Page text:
AMEGUA is an independent, non-profit organization made up of innovative and visionary companies and individuals, pushing to promote the development of adequate conditions for the transition to electric mobility and alternative technologies in Guatemalan society. We met Juan Botran, the president of the association, who told us about everything they have been working on. So, it is thanks to them that there are so many EV chargers in Guatemala! We also met with Jesse, who is importing the Teslas’ to Guatemala. He is also part of AMEGUA. He is aware that a Tesla is a luxury vehicle, but he hopes that this will help push for other type of electric mobility in Guatemalan society. Thanks to Jesse and Juan who came all the way from Guatemala City just to meet us and tell us about their electric projects!

The next day we learnt about a totally different electrical project, the use of electricity in agricultural production, the use of free energy from the atmosphere to improve production yields: electro-culture. Like electric vehicles, this is not something new. Electro-culture has been around since 1700, only now more attention is being paid to it and, in many parts of the world, large-scale experimentation is being carried out. In Guatemala we met Cristina, he is trying it on his farm, through trial and error, on a small scale. For us, listening to him talk and seeing his creations was surreal, almost like a science fiction movie, antennas to take energy from the atmosphere? Spirals or copper rings next to plant stems? Charge the seeds with magnetic triangles? What benefits does all this bring?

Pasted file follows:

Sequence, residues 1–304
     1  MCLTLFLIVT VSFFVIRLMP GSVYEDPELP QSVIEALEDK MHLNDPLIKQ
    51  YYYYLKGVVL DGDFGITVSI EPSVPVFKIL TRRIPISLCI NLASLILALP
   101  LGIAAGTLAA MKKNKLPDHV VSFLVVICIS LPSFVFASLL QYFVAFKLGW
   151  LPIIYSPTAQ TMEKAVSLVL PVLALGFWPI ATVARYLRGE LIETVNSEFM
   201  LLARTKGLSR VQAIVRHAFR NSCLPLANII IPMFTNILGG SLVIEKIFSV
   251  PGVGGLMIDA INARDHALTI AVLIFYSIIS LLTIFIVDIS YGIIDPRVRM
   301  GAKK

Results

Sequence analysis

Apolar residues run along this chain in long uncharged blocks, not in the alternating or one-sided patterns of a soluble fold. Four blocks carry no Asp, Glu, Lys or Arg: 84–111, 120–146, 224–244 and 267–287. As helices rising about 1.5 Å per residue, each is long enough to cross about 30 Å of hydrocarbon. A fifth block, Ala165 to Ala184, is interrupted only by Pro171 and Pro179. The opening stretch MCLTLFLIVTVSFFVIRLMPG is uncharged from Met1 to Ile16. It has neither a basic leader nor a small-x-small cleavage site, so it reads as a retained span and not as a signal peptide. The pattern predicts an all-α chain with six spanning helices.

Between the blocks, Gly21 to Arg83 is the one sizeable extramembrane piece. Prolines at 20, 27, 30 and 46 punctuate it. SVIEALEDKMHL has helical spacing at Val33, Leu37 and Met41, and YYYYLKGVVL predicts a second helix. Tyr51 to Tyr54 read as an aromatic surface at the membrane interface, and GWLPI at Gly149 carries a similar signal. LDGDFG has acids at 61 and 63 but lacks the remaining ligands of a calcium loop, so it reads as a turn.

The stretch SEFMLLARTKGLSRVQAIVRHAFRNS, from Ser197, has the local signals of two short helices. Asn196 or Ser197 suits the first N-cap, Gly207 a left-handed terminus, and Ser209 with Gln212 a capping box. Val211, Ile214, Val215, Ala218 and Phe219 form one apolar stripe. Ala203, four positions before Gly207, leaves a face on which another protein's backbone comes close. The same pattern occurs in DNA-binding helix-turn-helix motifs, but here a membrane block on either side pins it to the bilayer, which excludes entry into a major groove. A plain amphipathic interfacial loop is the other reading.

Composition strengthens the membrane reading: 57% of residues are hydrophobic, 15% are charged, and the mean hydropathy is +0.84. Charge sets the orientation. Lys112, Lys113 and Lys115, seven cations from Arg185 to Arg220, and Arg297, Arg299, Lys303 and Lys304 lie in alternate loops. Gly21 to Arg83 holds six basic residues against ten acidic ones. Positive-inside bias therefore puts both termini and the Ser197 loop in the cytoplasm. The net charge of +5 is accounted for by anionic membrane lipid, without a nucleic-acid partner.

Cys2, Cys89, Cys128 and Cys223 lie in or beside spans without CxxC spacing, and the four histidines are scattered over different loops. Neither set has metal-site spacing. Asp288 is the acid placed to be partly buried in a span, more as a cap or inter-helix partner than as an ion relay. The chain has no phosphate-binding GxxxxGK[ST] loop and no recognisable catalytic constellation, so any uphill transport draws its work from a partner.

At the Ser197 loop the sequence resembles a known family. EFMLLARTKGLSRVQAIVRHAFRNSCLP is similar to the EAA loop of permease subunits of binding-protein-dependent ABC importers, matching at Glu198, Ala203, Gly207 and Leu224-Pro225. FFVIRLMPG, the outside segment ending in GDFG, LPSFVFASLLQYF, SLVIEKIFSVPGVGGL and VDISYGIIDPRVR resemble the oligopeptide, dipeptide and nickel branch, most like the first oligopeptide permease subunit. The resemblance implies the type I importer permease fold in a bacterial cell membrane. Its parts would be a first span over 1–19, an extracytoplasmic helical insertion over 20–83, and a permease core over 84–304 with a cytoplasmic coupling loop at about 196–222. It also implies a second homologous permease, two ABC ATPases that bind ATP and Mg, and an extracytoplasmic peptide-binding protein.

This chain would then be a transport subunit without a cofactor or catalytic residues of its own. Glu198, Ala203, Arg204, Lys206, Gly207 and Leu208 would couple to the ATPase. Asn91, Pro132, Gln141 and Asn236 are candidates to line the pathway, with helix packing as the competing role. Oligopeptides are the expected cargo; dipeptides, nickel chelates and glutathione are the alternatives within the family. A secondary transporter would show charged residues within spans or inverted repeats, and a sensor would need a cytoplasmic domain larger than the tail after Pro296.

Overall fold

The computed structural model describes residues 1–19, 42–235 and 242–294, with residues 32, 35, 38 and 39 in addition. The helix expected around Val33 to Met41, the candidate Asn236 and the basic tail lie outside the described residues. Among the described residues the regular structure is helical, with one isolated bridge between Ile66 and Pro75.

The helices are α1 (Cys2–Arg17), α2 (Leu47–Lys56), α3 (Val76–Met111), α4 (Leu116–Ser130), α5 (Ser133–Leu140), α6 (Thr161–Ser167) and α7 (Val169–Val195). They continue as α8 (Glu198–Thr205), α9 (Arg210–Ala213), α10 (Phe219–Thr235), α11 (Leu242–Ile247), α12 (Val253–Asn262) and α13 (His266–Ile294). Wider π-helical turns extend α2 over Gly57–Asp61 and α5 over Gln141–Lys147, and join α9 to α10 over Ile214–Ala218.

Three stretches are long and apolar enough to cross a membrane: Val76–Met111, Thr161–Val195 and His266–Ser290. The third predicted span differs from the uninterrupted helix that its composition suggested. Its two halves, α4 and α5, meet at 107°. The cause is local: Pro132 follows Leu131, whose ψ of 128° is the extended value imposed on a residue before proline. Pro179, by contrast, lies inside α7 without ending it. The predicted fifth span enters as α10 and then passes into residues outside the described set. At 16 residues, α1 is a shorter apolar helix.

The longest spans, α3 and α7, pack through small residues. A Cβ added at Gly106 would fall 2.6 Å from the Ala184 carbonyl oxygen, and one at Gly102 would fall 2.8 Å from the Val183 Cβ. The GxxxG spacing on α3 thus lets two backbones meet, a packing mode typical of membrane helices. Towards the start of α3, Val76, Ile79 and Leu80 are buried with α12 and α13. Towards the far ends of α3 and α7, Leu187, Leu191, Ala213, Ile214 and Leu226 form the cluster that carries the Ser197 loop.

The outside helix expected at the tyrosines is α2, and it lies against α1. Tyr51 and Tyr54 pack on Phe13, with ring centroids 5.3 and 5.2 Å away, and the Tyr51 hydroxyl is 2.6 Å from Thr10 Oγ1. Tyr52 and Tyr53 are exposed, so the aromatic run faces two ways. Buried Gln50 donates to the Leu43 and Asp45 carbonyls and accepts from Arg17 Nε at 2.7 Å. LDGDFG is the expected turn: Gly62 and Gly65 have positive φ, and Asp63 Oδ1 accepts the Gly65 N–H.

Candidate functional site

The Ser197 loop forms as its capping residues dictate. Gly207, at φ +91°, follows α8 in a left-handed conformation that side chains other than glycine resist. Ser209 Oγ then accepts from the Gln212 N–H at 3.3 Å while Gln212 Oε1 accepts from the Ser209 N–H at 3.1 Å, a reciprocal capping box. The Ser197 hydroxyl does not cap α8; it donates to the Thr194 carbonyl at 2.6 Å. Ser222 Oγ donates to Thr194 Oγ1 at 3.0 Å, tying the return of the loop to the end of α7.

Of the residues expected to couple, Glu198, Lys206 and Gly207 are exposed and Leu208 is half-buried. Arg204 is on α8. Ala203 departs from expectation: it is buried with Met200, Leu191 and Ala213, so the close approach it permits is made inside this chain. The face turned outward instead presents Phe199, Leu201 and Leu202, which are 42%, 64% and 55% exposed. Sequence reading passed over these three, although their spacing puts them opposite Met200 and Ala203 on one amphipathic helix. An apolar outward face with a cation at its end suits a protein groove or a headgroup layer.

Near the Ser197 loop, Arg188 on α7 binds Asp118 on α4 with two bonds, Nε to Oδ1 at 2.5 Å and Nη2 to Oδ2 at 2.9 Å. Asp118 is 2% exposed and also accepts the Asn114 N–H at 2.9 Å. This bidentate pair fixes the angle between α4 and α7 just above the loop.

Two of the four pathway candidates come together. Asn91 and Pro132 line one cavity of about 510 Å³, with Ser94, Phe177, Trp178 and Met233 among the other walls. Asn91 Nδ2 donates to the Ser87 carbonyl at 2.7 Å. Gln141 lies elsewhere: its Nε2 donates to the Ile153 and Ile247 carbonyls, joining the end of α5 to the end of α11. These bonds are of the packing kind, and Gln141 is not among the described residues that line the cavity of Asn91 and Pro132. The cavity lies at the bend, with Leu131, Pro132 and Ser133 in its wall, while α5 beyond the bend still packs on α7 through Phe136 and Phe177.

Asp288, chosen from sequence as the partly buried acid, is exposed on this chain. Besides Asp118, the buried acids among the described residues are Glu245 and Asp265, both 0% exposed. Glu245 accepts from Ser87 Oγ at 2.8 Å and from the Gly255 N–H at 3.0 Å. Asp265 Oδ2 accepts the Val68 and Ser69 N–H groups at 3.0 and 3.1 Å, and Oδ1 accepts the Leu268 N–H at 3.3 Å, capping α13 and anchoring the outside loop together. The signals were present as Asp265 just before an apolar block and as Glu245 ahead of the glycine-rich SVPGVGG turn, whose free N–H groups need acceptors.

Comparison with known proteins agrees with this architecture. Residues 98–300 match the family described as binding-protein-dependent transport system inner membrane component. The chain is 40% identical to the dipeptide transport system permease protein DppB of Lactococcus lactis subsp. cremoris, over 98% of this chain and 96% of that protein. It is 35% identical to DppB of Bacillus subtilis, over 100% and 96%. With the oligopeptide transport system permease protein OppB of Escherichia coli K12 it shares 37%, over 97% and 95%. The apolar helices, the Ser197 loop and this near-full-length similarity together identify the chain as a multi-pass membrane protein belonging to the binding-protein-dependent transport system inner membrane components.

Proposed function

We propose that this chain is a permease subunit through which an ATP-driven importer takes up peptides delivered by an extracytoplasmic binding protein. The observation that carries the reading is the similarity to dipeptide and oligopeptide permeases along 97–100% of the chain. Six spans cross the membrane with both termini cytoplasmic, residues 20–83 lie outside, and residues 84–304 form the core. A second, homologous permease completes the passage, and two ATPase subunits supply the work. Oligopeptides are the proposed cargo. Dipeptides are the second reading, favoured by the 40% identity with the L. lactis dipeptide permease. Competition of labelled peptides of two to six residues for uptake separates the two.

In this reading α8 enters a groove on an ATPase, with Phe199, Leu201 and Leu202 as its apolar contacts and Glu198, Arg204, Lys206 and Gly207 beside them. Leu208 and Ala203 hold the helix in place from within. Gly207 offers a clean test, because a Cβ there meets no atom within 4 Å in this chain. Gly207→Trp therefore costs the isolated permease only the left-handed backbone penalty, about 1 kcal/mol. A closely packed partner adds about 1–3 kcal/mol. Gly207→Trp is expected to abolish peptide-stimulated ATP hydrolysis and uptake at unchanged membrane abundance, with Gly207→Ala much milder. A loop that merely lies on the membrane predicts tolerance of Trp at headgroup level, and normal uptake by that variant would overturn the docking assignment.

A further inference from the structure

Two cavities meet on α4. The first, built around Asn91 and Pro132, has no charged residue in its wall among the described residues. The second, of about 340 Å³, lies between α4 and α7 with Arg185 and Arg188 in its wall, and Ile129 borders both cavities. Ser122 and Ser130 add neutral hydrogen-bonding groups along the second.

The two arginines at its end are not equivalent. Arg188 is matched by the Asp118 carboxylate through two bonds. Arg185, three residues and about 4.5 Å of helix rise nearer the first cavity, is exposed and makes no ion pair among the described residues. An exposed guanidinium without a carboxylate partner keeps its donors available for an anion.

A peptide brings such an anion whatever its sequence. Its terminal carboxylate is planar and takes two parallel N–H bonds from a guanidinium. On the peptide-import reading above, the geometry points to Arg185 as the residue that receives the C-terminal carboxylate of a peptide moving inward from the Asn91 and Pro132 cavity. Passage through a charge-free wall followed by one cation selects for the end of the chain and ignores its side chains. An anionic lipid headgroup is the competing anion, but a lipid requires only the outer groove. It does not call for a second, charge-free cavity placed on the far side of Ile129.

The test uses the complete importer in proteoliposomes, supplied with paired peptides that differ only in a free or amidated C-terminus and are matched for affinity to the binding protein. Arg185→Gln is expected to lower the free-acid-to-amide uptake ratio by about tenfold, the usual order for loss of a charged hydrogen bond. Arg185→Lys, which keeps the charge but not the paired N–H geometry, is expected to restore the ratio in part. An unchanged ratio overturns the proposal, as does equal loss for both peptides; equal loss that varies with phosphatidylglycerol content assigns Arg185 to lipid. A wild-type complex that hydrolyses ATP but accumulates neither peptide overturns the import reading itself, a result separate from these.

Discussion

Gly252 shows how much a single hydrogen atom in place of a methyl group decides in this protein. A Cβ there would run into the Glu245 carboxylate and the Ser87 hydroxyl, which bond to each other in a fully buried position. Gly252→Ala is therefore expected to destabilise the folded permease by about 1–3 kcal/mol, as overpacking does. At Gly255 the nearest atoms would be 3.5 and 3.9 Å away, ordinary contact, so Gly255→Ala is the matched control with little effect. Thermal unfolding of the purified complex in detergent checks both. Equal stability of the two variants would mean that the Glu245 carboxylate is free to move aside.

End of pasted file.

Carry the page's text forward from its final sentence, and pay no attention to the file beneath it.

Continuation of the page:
By introducing electricity in the closest environment of the plants, it has been discovered that several changes are generated – for example, metabolic activities such as photosynthesis are accelerated – and this leads to an increase in production per farm, reducing or even, as in the case of Cristian , eliminating the use of chemical fertilizers and pesticides. This means having more production and better quality! Contaminant-free food. This is what attracted Cristian to electro-culture since he has a vegan and organic restaurant in the center of Antigua: Café Samsara. For him it was important to have healthy and chemical-free food. This is why he started his organic farm, but soon discovered it is not easy to maintain production.

It was through research that he discovered electro-culture and today he is experimenting on his farm with dozens of different and complementary techniques, some of which are already giving results! Is the future of agriculture electro-culture? That question kept resonating in our heads and we will be attentive to more news from Cristian and research centers worldwide. It seems that electricity gained new strength in this 21st century as a way to solve several of the problems that the 20th century left us. We know that electro-culture sounds crazy but how important it is to always stay open to new discoveries or, in this case, to the re-emergence of knowledge and practices that, for some reason, were forgotten.

Are you open to new ideas or are you deeply rooted in your practices and beliefs?